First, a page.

TV Weight & Measurements

Make sure to have your friend help you pull your new TV out of its box. 95 lbs doesn't sound like much, but it's large & awkward, and you probably can't lift it by yourself. The monitor has large feet centered under the TV to hold it upright. The feet are removable, if you decide to wall mount the TV (I will be doing this at some point). The TV itself is 41" wide x 26" high x 5" thick. These measurements would be useful if you remove the feet. With the feet on, the TV is elevated 3" above the surface the feet are standing on; this makes the TV approx. 29" high. Each foot is 2-1/2" wide by 13" long. The distance from monitor edge to foot (the right edge of the monitor to the right edge of the right foot) is 7-1/2". The distance between the feet (from the right edge of the left foot to the left edge of the right foot) is 20-3/4". The TV is set back 5" from the front of the feet, and the distance from the back of the TV to the back of the feet is 3". That should give you enough measurements to know if it will fit where you think it will. For now it's sitting on my rather small entertainment center; keep in mind that even if the edges of the TV are wider than your furniture, as long as the feet have a steady place to sit, you'll be fine.

Initial setup & impression

The screen on this monitor looks huge. It has a decent anti-reflective coating on it, to lessen reflections from windows. It is surrounded by dark gray (nearly black) plastic on the left, top & right, and silver at the bottom where the power button & on/standby LEDs are. The sides & top are also silver. The monitor has buttons along the bottom edge for volume up/down for the internal speakers, and input select. Looking at the monitor from the side, you see a large black metal section on the back, a bit smaller than the front bezel, that stores all the electronics. The black metal assembly also has screw holes for a wall mount kit. The majority of the input jacks are along the bottom edge of this area. This hides the connectors for all the cables a bit behind the front bezel, although you would still see the cables peeking out along the bottom of the monitor.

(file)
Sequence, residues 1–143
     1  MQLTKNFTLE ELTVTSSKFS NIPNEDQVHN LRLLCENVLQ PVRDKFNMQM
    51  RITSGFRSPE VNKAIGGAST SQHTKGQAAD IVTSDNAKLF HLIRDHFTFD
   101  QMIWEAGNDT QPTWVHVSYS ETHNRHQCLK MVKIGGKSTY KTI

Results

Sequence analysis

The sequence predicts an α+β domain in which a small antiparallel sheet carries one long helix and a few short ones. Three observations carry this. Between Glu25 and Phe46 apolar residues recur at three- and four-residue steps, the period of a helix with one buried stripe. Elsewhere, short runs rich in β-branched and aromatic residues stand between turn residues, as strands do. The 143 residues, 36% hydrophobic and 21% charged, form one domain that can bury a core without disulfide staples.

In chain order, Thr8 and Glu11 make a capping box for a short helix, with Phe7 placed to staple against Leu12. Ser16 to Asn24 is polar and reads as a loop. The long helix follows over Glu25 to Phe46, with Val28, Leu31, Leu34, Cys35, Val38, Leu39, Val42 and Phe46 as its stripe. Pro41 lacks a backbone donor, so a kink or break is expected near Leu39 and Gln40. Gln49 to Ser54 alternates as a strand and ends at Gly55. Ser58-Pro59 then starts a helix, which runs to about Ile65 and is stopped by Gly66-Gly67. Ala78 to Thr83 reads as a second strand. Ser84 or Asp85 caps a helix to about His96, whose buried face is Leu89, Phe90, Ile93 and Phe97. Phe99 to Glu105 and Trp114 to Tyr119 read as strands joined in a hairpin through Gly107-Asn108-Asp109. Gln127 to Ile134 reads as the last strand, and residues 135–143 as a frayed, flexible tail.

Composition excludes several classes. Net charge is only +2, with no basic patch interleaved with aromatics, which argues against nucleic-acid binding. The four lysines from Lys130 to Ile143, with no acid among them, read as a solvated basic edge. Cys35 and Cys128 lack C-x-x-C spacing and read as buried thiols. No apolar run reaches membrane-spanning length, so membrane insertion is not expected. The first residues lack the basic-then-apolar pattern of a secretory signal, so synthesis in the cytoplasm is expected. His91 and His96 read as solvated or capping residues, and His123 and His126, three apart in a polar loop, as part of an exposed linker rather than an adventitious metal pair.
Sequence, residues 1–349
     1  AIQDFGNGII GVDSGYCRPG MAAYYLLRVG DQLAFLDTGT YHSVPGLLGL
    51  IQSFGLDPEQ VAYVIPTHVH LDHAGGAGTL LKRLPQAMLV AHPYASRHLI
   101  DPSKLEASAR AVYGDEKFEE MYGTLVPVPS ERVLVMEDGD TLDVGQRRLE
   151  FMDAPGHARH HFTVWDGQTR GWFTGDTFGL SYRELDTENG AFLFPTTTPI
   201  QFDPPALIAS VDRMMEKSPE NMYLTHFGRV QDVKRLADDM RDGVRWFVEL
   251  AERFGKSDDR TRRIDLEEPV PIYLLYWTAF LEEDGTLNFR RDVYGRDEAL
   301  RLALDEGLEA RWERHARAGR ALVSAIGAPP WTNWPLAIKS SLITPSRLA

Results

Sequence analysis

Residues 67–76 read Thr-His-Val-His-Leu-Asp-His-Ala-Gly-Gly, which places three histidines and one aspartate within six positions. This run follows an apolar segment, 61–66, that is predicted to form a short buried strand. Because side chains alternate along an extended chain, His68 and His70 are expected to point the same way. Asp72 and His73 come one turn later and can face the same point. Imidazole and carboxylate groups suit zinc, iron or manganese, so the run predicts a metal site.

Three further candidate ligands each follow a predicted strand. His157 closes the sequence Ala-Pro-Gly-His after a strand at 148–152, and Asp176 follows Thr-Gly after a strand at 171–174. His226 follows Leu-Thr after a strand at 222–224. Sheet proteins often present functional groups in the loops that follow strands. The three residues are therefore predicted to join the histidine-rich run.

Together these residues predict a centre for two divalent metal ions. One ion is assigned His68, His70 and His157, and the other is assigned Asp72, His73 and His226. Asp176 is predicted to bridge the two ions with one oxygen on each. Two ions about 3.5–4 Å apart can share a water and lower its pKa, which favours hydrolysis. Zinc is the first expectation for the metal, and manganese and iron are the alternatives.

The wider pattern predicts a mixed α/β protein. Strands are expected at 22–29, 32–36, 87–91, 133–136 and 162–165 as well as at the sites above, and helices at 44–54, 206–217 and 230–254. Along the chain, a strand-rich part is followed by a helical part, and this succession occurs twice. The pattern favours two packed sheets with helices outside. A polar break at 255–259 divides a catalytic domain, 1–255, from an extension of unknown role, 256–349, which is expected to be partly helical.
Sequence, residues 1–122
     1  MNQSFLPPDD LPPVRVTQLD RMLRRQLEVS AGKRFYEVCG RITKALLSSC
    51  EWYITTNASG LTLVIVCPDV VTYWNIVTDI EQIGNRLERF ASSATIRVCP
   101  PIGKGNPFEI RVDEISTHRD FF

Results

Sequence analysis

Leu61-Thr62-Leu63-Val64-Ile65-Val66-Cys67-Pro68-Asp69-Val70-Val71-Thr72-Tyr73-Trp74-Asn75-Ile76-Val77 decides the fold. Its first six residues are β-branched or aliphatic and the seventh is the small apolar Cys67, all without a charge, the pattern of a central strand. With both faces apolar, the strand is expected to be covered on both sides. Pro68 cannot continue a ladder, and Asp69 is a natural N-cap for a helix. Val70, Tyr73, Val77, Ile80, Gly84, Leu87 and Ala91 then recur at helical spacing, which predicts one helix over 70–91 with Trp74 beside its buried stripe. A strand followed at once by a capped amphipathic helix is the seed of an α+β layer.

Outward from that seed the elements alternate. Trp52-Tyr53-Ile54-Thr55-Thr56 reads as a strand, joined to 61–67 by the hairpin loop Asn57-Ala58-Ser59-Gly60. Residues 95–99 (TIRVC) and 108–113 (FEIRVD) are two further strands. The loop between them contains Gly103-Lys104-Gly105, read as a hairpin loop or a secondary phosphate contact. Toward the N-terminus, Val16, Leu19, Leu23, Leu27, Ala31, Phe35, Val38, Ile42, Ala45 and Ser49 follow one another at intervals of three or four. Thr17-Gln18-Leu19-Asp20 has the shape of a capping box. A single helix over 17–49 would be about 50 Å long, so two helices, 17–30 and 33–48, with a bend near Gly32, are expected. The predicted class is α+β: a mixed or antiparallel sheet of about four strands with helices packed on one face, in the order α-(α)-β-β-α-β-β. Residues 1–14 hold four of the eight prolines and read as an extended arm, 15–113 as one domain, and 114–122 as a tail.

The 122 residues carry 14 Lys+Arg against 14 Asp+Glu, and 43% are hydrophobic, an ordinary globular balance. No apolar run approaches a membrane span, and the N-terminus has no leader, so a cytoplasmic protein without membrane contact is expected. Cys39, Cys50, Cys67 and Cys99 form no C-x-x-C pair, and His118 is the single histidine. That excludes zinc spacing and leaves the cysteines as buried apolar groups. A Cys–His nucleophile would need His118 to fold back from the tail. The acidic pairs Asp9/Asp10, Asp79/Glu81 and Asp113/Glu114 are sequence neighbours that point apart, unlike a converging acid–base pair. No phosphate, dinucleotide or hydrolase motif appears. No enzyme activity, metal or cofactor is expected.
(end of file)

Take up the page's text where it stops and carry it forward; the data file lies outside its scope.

What's a monitor, anyway?

One of the first things to know about this TV, is that it isn't exactly a TV at all. It's a monitor, like your computer monitor. The difference between a monitor & a television is that monitors don't have television tuners in them, meaning they can't actually tune in a television station. This means you must plug the screen into some other device that has a tuner to watch TV, or some other video source like a DVD player or VCR. Fortunately, chances are you already have other devices with tuners. Anything from a VCR, to a cable decoder box, to a DVR (Digital Video Recorder) such as TiVo or ReplayTV can act as a tuner for your new monitor. You let those devices tune the station you're watching, and plug the video output cables from that box into your monitor. You will see beautiful color, and you're not paying for something you probably don't need.

Tuners / CableCard 1.0 / 2.0 / DCAS

Major changes are coming over the next few years in the way broadcast TV will get to you, that would probably make any tuner included with this TV obsolete. So, why pay for something you probably won't use? The slow move to digital TV will mean that eventually, some VHF channels (2-13) and some UHF channels (14 and above) will disappear; their radio wave spectrum will be used for other uses. Digital TV will move us away from the analog method of transmitting TV signals to a fully digital method. HDTV (High Definition Television), a subset of digital TV, will offer us much better looking television, because the resolution of images will be so much higher.